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Hawaii News | Wealth of Health

Column: Many Long COVID survivors require team-based treatment

                                A COVID-19 specimen sample is handed to registered nurse Victoria Wagner during the first day of COVID-19 testing put on by the city on Aug. 26 in Kaneohe.


    A COVID-19 specimen sample is handed to registered nurse Victoria Wagner during the first day of COVID-19 testing put on by the city on Aug. 26 in Kaneohe.

As the COVID pandemic rages, sadly, many survivors do not fully recover.

“Long COVID” describes those with lingering symptoms including brain fog; breathing difficulties; chronic fatigue; weakness; pain; heart, kidney and liver problems; and emotional difficulties. Such symptoms might last weeks to months and in many cases result in permanent disability. Long COVID survivors require testing and team-based rehabilitation.

About 82% of patients suffer from nervous system problems during active COVID, and those with brain swelling and confusion had a sevenfold increased risk of dying within 30 days of leaving the hospital, according to the Journal of Translational Neurology. More than half of patients complained of lasting fatigue 2-1/2 months after their illness, according to a Harvard study. The Mayo Clinic says the most common lingering symptoms are fatigue, cough, shortness of breath, headache and joint pain.

Many Long COVID survivors will require multidisciplinary rehabilitation designed to minimize suffering, optimize quality of life and help restore normal function at home, in school and at work. For the past 20 years, Manakai o Malama has offered team-based integrative services for primary care patients and injured workers. Special programs have been developed for those with chronic pain, obesity and diabetes, sleep apnea and traumatic brain injury. Those with Long COVID are quickly emerging as another growing group of patients who now require a specialized, customized approach to rehabilitation. We have been asked to treat Long COVID survivors and have begun the challenge.

Depending on the symptomatology, Long COVID survivors might require not only primary care, including naturopathic medicine and specialty medical services, but also physical and/or occupational therapy and psychological services. Fortunately, Medicare has just approved acupuncture under a physician for neurological symptoms and pain associated with the back. There are also a growing number of Long COVID-related cases of new-onset sleep apnea.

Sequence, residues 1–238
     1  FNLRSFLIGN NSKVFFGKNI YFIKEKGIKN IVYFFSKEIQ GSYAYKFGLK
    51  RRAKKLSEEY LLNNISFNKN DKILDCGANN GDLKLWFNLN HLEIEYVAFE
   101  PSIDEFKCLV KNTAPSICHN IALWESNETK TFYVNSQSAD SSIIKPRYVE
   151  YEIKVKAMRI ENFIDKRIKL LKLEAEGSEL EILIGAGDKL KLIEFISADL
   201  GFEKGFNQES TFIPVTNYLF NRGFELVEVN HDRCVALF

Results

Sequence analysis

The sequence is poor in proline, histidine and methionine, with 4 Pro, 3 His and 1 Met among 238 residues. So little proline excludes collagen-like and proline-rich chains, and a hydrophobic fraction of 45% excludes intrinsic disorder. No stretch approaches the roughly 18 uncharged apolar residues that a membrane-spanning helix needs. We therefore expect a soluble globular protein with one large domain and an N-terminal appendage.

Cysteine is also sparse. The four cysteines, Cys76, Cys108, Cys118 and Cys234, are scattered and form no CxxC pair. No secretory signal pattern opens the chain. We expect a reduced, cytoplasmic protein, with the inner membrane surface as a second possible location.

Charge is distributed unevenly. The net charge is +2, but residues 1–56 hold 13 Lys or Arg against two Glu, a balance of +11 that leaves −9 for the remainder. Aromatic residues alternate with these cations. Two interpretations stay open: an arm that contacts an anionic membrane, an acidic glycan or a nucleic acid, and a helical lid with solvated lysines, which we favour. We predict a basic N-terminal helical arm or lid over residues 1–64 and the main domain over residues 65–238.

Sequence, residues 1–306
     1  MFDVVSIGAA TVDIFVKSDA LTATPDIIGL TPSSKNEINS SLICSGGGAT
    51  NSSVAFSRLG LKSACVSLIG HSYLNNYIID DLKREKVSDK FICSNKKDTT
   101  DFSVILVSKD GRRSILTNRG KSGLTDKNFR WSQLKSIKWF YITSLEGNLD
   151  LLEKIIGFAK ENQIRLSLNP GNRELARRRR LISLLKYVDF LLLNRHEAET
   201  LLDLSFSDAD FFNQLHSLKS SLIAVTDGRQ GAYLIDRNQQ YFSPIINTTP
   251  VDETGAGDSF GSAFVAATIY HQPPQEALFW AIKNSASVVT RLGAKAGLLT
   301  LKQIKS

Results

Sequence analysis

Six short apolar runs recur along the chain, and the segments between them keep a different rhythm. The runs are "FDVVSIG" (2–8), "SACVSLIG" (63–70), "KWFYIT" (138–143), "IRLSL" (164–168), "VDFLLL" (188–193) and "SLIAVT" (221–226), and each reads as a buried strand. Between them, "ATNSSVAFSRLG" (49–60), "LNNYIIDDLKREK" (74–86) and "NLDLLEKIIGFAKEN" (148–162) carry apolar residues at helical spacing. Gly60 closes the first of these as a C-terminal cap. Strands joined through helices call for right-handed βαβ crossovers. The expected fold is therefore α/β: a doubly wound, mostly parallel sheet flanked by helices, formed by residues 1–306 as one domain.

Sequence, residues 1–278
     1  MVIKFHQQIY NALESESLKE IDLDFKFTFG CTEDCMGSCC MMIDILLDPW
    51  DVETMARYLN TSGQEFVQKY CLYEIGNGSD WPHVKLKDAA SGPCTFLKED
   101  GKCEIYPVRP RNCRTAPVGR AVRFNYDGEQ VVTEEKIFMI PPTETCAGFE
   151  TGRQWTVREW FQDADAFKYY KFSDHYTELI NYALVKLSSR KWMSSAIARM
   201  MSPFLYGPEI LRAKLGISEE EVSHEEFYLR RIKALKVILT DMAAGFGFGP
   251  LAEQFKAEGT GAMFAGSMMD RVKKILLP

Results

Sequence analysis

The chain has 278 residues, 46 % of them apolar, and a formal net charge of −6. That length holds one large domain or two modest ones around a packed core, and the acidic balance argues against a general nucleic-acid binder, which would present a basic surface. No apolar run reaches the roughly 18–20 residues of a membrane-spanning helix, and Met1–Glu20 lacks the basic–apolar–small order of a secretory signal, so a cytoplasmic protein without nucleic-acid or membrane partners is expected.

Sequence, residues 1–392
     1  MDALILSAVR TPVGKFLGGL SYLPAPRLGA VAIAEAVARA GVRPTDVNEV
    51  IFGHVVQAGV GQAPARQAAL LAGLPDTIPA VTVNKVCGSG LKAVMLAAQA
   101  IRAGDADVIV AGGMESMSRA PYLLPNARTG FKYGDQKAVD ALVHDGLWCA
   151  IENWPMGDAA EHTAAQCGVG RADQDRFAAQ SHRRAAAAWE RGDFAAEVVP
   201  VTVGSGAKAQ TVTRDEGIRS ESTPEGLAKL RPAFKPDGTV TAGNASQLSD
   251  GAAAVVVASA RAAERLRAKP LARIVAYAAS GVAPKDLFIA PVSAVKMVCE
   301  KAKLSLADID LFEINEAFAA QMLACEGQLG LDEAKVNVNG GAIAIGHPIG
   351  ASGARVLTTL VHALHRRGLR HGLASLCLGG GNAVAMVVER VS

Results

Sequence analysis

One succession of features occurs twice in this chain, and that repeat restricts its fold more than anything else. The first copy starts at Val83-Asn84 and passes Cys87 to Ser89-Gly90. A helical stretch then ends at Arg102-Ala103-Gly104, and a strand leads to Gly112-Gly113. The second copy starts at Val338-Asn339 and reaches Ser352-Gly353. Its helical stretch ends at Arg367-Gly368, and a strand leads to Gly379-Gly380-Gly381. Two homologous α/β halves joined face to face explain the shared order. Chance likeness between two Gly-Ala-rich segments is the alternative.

In addition to treatment, protocols also must be established for testing to ensure a safe return to work, especially when duties require careful judgment, the ability to make quick decisions and engage in multitasking, and the dexterity to operate heavy equipment. Care also must be taken to understand readiness to return to school and other educational or training environments.

Long COVID is so far underreported. For most of 2020, Hawaii has reported only the daily number of new COVID cases and related deaths in an effort to “flatten the curve” and to prevent overwhelming our health care system. We have worked to ramp up testing, and contact tracing of those found to be positive. Hawaii’s leadership has carried the burden of fighting the pandemic while also working to minimize the devastating economic fallout. We are now at grave risk of facing a third surge into the holidays as Long COVID cases continue to grow.

While we may be successful in slowing COVID’s rate of spread, enough to avoid overwhelming our hospital system and its ICU beds and ventilators, Hawaii also must turn its attention to flattening this newly discovered curve, that of Long COVID.

Many already have begun to complain that they feel isolated and abandoned by their providers once they have made it through the infectious period.

Amid the pandemic, a compromised visitor industry, a struggling economy and the need to address climate change, it feels overwhelming to consider one more pressing need among the people of Hawaii, but it cannot be ignored. Long COVID is an issue of critical and mounting importance. We can do this.

Ira Zunin is a practicing physician. He is medical director of Manakai o Malama Integrative Healthcare Group and Rehabilitation Center. His column appears the first Saturday of every month. Please submit your questions to

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